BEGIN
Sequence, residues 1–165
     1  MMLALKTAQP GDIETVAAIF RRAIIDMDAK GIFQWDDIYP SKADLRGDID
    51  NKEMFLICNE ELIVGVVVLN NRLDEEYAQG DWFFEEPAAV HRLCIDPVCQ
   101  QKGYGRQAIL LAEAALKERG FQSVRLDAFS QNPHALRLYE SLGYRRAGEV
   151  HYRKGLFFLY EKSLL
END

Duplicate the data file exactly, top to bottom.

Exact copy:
Sequence, residues 1–165
     1  MMLALKTAQP GDIETVAAIF RRAIIDMDAK GIFQWDDIYP SKADLRGDID
    51  NKEMFLICNE ELIVGVVVLN NRLDEEYAQG DWFFEEPAAV HRLCIDPVCQ
   101  QKGYGRQAIL LAEAALKERG FQSVRLDAFS QNPHALRLYE SLGYRRAGEV
   151  HYRKGLFFLY EKSLL